Can online social activism be meaningful and worthwhile?
Hastags on social media such as #metoo, #blacklivesmatter, #climatemarch are all campaigns to raise awareness for social issues with the objective to effect change. This form of social activism is known as cyberactivism, internet activism, or digital activism and is designed to initiate a citizen-based movement toward a specific goal, cause or objective using social media tools such as Facebook, Twitter, or LinkedIn to name a few. The objective of these movements might be to raise awareness, organizing physical gatherings, or raising money to create change around social, policy or environmental issues as an example.
In our #eci831 course, we have been asked to consider whether we believe online social activism is meaningful and worthwhile. Personally, I would like to think it is. I have been moved by the recent awareness campaign on sexual harassment issues, particularly in the workplace, by the #metoo online social movement. It has encouraged me to have personal (offline) conversations with friends and family to spread the message and ponder what we can do to help young women and men understand their rights and responsibilities when it comes to harassment. It has also inspired me to bring in guest speakers (human resource consultants and advocates) into the classroom to equip students as they enter the workplace.
On this note, Susan Kent from This Hour Has 22 Minutes recently shared her #metoo story. I appreciate her perspective as a female in a position of power. It is perspectives like these that really bring further understanding to these issues, to keep the conversation going, and to make sure that all women are aware and are protected.
Katia Hildebrandt, our facilitator for our EC&I 831 course last Tuesday, argues that as educators have a responsibility to bring light to social inequalities while online. As she puts it:
This is very inspiring and also a bit intimidating. Until recently, I never considered commenting on controversial or politically charged issues on social media. Similar to the concerns Tayler mentions in her blog, I don’t want to be judged for my position and/or experience (re: #metoo), nor do I care to get caught up in an online battle. This may seem that I don’t want to risk my reputation for the sake of a speaking up. For me, it goes beyond that. I often feel ill equipped to speak from a position of knowledge and understanding in debating certain issues. What service would I bring to the issue if I were not able to speak from a position of knowledge? In my opinion, having productive conversations online requires one to broaden their scope of knowledge and understanding, thus bringing awareness in a thought provoking way.
Is raising awareness of social issues online worthwhile from the perspective of advocacy groups? Interestingly, a recent study surveying 63 Canadian advocacy groups found that the majority did not rely too heavily on social media to further their cause, citing the risk of slacktivism, which may delude them into a false sense power. Rather, they tend to focus the majority of their resources on strategies that have been proven, such as “on the ground techniques”.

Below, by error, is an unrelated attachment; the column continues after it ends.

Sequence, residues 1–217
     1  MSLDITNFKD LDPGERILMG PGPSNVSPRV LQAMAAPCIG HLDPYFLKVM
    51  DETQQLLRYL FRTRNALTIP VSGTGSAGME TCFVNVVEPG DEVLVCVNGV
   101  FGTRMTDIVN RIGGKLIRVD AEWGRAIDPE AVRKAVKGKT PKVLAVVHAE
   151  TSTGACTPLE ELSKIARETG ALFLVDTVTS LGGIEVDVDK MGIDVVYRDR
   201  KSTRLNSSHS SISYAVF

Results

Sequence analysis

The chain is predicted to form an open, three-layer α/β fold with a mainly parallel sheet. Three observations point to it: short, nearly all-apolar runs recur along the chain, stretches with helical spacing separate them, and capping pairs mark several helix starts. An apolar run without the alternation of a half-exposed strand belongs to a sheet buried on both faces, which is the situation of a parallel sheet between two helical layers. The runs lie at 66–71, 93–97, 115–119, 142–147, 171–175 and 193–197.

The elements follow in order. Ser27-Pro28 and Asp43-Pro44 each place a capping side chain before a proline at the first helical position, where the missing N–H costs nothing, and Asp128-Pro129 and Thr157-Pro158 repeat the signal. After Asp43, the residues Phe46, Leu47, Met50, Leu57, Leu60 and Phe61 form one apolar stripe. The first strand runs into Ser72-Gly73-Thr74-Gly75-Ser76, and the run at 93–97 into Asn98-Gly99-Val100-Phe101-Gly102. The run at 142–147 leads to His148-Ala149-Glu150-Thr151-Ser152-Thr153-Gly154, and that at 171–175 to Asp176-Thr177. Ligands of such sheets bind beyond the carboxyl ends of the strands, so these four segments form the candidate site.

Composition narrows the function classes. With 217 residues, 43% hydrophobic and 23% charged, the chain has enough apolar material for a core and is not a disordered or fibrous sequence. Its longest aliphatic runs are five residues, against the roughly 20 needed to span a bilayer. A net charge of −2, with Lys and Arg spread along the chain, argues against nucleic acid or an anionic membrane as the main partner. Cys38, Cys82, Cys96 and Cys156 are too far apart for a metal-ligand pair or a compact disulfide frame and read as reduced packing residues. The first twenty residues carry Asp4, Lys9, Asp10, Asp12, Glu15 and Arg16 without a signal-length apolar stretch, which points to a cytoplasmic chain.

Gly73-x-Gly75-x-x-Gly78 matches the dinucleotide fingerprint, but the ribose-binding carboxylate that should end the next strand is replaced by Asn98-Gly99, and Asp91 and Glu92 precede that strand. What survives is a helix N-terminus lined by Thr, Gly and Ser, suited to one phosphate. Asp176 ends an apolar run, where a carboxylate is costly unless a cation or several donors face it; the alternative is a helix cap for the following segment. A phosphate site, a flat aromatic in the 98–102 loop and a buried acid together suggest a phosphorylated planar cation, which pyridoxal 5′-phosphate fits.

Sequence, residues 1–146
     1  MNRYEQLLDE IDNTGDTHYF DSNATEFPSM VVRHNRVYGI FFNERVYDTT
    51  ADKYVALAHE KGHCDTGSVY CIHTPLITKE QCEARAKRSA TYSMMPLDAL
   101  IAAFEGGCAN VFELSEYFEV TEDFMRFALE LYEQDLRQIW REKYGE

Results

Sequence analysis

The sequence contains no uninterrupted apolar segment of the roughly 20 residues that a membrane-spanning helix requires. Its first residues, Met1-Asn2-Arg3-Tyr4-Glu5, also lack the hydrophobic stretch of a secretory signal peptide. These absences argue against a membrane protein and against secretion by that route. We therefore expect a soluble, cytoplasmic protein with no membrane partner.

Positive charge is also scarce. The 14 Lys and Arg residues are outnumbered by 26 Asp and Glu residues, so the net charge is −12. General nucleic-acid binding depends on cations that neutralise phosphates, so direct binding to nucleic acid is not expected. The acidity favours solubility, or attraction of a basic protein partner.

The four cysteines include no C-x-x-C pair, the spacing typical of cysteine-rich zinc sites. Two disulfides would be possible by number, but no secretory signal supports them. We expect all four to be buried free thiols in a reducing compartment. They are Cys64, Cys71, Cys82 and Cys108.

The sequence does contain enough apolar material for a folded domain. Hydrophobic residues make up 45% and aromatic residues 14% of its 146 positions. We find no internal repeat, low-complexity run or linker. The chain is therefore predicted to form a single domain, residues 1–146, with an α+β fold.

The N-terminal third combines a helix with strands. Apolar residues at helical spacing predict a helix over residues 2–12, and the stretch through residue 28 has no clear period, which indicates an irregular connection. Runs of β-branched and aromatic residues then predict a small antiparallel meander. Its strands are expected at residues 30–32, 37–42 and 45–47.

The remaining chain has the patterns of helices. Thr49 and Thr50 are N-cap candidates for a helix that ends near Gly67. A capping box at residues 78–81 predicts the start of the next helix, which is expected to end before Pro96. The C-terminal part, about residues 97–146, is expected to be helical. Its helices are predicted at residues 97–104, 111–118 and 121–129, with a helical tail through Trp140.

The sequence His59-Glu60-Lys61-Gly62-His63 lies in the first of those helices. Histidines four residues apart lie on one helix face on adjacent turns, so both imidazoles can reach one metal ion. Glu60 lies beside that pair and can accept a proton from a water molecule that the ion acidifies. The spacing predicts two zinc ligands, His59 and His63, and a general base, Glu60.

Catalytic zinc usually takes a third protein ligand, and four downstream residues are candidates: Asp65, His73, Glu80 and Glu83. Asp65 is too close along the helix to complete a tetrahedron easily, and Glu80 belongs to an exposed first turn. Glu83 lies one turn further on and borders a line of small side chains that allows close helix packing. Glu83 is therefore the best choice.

Translation to my Role as an Adult Educator
To avoid the “click like, but no action” of slacktivism, and perhaps aid in advocacy groups finding social media more worthwhile, I have been thinking of ways in which I could involve my students in active digital citizenship. Ways in which I can help move them along the continuum of Westheimer’s Kind’s of Citizens, as adapted in Katia Hildebrandt and Alec Couros‘s blog post What Kind of (Digital) Citizen, from personally responsible citizen to become more participatory and justice oriented citizens. The latter type of citizen actively participates in social issues and strives to become an agent of change.
It feels at the moment that the possibilities are endless in our Leadership and Human Resource and Relations courses. To help the students think of a social issue to champion throughout the semester we can use the lesson plan provided by Katia to create a social media activism project. To be more manageable, I may have the students work in small groups. I would build into the project “on the ground” volunteer hours that need to be dedicated to furthering the cause. This may be in the form of organizing food drives, raising awareness and help stop the stigma of mental illness, or demonstrating environmental concern. Promoting their chosen project and sharing their experiences in social activism can be facilitated by the students and myself on various social media outlets including blogging, Twitter, and Facebook.
I really appreciated the thought provoking subject of social media activism this week. I am excited to incorporate this into my curriculum when I return to the classroom!
Questions for Discussion
How have you overcome your fears or hesitation of social activism online? Do you think thoroughly educating yourself on the issues first is necessary to make a difference in your online discussions?
Has any social movement motivated you recently to become a more active digital citizen? Did it translate into taking action?